The scientific study of the structure and function of genes at the molecular level, particularly chromosomes and DNA.

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531 views

Why is mRNA needed in the Protein translation?

The original question was to predict the basic requirements for information storage. Then the discussion moved to why is it necessary to include mRNA in the protein translation process. Why can't ...
4
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1answer
25 views

How long is saliva viable?

Does anyone know if saliva can stay viable for about 5 days, before it gets suspended into a DNA genealogy vial for testing? Background: My brother wants to do a DNA genealogy test at a US testing ...
2
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1answer
10 views

How and why are cells irradiated in human-rodent hybrid cell biology?

When human-rodent hybrids are made the amount of human chromosome in the hybrid can be reduced by irradiation. Why and how exactly is this irradiation step performed?
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1answer
39 views

Is there a correlation between mutation rate and recombination rate?

I have in mind that homologous recombination (HR) can cause mutations (indels and substitutions). I am wondering if this is true and if it is, then I am wondering whether this effect is really ...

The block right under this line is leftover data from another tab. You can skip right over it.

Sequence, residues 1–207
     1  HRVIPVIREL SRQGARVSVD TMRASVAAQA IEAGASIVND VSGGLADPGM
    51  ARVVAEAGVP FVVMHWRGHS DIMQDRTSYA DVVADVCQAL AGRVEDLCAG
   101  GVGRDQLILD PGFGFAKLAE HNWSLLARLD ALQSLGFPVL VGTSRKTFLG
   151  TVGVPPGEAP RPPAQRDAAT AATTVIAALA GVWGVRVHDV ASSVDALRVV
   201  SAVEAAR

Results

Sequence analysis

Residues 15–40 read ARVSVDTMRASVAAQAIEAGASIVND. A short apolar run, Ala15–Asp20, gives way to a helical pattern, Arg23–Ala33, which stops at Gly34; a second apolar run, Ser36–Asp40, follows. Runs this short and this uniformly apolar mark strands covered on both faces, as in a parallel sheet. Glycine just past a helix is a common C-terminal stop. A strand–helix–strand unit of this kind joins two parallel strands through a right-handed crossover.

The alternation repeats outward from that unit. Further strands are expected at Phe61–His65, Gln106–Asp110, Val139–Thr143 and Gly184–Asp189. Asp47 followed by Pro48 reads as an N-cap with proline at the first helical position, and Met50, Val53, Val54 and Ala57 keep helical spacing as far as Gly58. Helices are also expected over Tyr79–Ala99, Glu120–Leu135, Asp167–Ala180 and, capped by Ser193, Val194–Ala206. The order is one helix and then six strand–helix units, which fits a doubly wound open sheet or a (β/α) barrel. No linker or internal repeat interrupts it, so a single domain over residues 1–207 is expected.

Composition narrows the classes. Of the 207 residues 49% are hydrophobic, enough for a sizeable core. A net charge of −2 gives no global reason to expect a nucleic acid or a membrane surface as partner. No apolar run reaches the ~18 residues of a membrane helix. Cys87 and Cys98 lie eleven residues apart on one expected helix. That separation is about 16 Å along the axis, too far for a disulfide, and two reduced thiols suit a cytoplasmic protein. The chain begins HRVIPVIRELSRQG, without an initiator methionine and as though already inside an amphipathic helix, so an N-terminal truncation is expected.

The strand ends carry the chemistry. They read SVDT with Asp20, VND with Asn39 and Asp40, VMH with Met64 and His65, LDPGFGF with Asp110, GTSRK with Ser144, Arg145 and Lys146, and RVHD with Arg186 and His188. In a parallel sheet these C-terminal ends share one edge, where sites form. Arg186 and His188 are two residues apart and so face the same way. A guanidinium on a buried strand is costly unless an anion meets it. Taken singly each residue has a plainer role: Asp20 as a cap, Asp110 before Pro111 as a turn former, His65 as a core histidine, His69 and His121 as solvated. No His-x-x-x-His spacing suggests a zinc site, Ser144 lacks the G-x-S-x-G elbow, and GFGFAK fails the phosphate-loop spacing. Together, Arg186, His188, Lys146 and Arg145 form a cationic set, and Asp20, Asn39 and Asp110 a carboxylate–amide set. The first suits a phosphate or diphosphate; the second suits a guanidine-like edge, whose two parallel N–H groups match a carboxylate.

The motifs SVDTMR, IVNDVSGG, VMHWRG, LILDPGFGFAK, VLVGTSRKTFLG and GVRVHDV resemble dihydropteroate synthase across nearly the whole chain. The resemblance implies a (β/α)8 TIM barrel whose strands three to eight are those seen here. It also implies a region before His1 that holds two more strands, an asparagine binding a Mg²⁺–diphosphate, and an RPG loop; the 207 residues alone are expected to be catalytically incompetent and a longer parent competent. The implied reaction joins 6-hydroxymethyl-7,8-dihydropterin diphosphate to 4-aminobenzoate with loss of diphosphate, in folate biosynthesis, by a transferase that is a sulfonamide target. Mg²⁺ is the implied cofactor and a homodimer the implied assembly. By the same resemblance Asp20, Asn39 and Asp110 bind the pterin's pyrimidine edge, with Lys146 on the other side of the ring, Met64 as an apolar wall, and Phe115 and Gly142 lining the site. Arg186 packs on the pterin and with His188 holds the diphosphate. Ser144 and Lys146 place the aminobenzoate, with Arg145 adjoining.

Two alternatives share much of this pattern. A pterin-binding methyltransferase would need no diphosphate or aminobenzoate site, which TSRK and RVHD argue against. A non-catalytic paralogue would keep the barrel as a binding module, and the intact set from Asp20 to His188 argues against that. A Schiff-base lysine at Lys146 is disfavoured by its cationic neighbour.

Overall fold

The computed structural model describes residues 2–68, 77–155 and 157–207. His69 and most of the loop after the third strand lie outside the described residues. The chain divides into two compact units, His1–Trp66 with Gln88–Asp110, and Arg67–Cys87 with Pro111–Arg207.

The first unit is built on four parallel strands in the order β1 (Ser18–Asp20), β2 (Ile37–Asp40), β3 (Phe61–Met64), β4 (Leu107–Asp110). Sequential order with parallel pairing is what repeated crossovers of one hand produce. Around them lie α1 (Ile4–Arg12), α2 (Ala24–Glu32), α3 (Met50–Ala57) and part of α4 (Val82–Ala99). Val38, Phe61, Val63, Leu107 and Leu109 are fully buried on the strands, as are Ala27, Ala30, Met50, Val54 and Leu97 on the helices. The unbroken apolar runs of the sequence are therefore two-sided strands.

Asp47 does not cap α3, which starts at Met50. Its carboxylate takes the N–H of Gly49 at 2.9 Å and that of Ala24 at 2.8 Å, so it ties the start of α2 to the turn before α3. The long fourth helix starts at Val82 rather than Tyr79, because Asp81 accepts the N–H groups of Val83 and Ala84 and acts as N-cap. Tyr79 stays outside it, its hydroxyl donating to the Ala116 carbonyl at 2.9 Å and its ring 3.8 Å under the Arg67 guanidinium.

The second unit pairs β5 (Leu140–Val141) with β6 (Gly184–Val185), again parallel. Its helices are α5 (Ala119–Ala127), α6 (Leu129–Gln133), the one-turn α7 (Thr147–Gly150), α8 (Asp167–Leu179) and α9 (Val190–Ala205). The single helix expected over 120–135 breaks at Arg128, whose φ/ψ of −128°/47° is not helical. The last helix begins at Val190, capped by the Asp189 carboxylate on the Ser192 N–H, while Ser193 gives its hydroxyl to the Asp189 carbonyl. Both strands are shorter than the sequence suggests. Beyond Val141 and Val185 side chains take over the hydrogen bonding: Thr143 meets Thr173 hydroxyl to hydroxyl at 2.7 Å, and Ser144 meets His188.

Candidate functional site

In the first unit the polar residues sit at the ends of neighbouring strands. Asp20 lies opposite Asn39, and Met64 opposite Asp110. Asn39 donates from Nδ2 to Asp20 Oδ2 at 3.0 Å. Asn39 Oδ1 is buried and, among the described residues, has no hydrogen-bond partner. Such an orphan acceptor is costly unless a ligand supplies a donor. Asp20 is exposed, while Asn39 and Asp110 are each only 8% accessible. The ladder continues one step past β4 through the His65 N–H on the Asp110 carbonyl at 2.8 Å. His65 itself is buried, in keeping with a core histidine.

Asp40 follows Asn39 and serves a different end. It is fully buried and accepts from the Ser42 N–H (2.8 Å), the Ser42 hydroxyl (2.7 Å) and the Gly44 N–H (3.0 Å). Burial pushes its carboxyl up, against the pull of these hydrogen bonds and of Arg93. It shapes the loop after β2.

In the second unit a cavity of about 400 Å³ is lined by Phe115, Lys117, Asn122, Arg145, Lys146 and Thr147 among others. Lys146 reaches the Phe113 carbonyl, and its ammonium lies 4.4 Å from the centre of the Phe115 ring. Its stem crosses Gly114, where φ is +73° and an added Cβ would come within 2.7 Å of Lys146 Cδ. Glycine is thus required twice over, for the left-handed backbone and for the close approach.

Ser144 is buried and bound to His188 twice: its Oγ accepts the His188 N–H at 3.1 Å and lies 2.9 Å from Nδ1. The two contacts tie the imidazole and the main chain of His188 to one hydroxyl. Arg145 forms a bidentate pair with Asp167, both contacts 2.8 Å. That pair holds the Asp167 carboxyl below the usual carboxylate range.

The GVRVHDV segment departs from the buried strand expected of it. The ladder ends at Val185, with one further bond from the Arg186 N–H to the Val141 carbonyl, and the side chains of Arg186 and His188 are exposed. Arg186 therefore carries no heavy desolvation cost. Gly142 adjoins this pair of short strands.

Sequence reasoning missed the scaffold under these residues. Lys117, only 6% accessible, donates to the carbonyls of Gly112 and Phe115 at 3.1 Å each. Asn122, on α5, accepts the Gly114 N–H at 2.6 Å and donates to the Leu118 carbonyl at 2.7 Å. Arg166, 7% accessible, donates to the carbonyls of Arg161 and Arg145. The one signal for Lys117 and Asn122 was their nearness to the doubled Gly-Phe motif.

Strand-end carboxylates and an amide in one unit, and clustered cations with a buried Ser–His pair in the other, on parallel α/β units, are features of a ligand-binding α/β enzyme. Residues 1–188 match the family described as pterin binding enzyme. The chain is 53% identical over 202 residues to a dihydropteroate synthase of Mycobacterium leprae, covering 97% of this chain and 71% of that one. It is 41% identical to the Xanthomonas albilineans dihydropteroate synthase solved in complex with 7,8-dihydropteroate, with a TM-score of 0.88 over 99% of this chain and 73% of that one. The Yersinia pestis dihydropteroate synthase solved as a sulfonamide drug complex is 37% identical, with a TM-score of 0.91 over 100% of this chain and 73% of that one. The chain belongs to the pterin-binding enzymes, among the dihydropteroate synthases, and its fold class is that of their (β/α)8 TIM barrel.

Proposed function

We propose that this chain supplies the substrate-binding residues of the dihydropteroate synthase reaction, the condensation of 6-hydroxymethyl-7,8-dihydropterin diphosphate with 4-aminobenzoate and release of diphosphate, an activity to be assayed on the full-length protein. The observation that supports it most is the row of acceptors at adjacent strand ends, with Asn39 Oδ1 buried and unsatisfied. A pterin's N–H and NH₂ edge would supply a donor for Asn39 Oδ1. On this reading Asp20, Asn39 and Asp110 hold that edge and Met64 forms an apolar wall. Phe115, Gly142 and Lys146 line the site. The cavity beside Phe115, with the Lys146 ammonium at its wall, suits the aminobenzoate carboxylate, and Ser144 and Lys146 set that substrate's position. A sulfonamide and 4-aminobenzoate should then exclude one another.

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1answer
35 views

How do signal transduction pathways utilize transcription factors to express a specific gene?

I have an inquiry regarding the regulation of genes via extracellular signaling. To my knowledge, in autocrine, paracrine, and endocrine cellular communication, large protein ligands that cannot ...
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1answer
17 views

Frequently Mutated Gene Definition

I have a question regarding defining frequently mutated genes which I was hoping someone could answer. Basically I have a list of 40 cell lines and 100 genes, and for each gene a cell line is ...
4
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1answer
140 views

Explanation about cytogenetic notation

What is the correct meaning of cytogenetic notation "inv(4)(p13q22)" ? Inversions at chromosome 4, at the p arm 13 is inverted AND at q arm 22 is inverted OR Inversions at chromosome 4, the ...
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2answers
43 views

How many copies of a gene?

I am studying mathematical models of transcription and translation and I am wondering: In a particular genome, how many copies of a gene coding for one particular protein should one expect? Are they ...
3
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1answer